Malamocco, the 5th October, 1627.
[Italian.]
Oct. 11.
Consiglio di X.
Parti Comuni.
Venetian
Archives.
528. That the letters of the Podestà of Malamocco of the 5th inst. about the firing of guns from an English ship to the hurt of a fishing barque be referred to our councillors, so that they may decide as they see fit.
Ayes, 15.Noes, 1.Neutral, 0.
[Italian.]
Oct. 13.
Senato,
Secreta.
Dispacci,
Inghilterra.
Venetian
Archives.
529. ALVISE CONTARINI, Venetian Ambassador in England, to the DOGE and SENATE.
The ambassadors of Denmark after four useless audiences of the king and Council at length decided to cross to France, having already taken leave of his Majesty. By every reason they ought to be entrusted with some confidential power about the peace, but I am assured that they obtained no other reply, save that the first to give offence should also be the first to make overtures. Further, the confirmed reports of a Catholic League require all Protestants to move cautiously now, lest they commit themselves more than necessary. They purpose trying whether the ford is easier in France, as for his own ends and in order to lull the English to sleep Cardinal Richelieu is covertly somewhat concerned in their despatch. I find, however, that this affair of the peace will be but accessory, the matter being so involved, independently of its having been referred to Savoy, that their chief object will be to obtain some sure continuous assistance for their master which may serve as an example to this side, so that meanwhile by gaining time they may do the best they can for their own interests.
From the results of this negotiation your Excellencies will perceive that the English will not be the first, believing their movements beneficial for the public cause, with which they veil the other more secret mysteries; while to a king related to this crown and an ally, who is in great danger on their account, they deny his request to press for peace. From this it may be inferred that Wake's proposal at Venice is as yet unsupported by any orders, as also Montagu's ideas, based it is supposed here upon suspicions of Savoy, as that young man undoubtedly acts under the direction of Buckingham, whose only pole star is his passion for worsting the cardinal's party and also saving himself, as he hopes to do by taking the islands and through the profit to be derived from the salt and wine and other merchandise of the Loire and Garonne.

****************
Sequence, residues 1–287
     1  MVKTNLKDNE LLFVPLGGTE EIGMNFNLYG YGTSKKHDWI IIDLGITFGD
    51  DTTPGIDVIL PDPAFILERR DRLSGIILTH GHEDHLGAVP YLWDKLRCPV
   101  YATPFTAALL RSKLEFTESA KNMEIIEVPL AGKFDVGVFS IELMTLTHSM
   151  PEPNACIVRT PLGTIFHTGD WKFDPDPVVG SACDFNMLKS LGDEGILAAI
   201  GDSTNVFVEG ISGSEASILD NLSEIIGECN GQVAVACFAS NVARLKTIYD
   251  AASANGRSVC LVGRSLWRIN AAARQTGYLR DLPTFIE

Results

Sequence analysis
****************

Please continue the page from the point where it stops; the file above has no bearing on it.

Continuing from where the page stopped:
Everybody speaks of this Catholic League as of a monster, should the French join it, and it is said that doing so they will in the end be deluded. The Dutch ambassador told me that the English exaggerate the matter more than anyone else and Carleton in particular, to interest all Protestants in these movements of theirs, but the States will do their utmost to remain neutral, for the peace between the two crowns, as the Dutch were quite as much injured by the English through maritime reprisals as by the Spaniards themselves, with whom the United Provinces were at open war. He told me besides that the king and the Court, whither he went lately about the affair of his ships, laid great stress, with regard to this Catholic League, on the determination of the Turks not to adhere to the peace of Hungary without including their friends, the Princes of Germany, and that Sir Thomas Roe (Ros) wrote that the Ottoman ministers complained to him that whilst he was so urgently dissuading them from this peace, his king had never contributed the promised supply of money to Gabor, whereupon it was proposed in the Council to send the remittances to Venice, the ambassador having made a promise to that effect.
Upon this last point, which would be very important, I have no confirmation that Burlamacchi, the Levant Company or any other merchants have orders about such a remittance, nor can I convince myself of it at the present moment, when money is so very scarce. However, I will keep on the watch. Meanwhile this will serve as a light, and I will encourage the support of affairs there, always bearing in mind the republic's interests, as in the present fluctuations of Europe a diversion in those parts is considered the safest and most useful of any.